South Koreans overuse antibiotics: World Health Organization

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Antibiotic consumption is higher in South Korea, compared with most other members of the OECD, a club of mostly rich countries, according to a report revealed Monday.

The World Health Organization’s (WHO) report on an overview of consumption of antibiotics around the world shows that South Korea used 27.68 defined daily doses (DDD) per 1,000 people in 2015, higher than most other developed countries, including Germany (11.49) and Japan (14.19).

The report, based on data from 65 countries and regions, says that antibiotic overuse in many countries ― most notably Mongolia (64.41) and Iran (38.78) ― is driving the emergence of antimicrobial resistance.

“Antimicrobial resistance is a major threat to health and human development, affecting our ability to treat a range of infections,” WHO said. “Treatments for a growing number of infections have become less effective in many parts of the world due to resistance.”

Antibiotics were heralded as life-savers when they became widely available in the 1940s. But over the decades, bacteria have learned how to fight back, building antimicrobial resistance (AMR) that can render the drugs ineffective.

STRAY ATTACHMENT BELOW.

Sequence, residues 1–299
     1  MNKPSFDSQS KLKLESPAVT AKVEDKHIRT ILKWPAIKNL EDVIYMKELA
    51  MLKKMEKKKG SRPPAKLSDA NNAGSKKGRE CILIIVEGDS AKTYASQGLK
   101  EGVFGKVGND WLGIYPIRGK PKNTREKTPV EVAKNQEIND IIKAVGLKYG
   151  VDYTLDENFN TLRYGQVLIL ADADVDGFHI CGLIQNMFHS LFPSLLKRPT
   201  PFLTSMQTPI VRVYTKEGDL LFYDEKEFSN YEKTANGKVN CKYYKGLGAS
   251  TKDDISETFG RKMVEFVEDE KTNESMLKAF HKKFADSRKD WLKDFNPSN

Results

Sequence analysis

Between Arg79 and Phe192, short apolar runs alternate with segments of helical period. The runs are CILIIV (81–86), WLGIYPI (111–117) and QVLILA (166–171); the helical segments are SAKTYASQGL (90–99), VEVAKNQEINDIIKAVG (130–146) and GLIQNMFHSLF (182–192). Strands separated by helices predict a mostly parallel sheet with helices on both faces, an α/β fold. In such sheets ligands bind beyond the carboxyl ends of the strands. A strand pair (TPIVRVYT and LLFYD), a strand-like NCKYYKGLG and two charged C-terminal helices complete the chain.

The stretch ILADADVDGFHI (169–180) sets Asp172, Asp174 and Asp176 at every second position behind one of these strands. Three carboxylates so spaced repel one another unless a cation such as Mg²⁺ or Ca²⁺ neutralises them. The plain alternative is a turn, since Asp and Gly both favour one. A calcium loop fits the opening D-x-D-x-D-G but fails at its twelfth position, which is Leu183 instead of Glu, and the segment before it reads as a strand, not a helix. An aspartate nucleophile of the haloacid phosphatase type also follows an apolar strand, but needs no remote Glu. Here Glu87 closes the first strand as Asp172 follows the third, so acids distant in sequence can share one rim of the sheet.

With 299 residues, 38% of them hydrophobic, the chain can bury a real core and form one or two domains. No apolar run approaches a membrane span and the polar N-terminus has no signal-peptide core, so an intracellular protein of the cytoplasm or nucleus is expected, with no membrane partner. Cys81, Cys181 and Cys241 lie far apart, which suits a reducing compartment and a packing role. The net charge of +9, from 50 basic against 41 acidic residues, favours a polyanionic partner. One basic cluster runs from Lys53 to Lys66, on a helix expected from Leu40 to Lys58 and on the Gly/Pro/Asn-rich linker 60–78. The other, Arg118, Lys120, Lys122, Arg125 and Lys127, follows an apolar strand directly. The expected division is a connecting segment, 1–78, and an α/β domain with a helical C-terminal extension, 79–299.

This means that the world will run out of effective antibiotics.

“Without effective antibiotics ― and other antimicrobials ― much of the progress made in fighting infectious diseases and prolonging life will be lost,” WHO said. “AMR is driven by many complex factors, but overuse and misuse of antibiotics are among the leading causes.”

In a bid to fight the dangerous trend of AMR, WHO adopted a global action plan in 2015.

As much as overuse of antibiotics is worrying, so is the lack of access to them. Burundi (4.44) is the country with the lowest rate of antibiotic use.

“Resistance can occur when people cannot afford a full course of treatment or only have access to substandard or falsified medicines,” WHO said.

“Measuring and analyzing the consumption and use of antibiotics is therefore a critical step that will inform the development of appropriate strategies to improve our use of antibiotics.”

By Jung Min-ho

(Korea Times)

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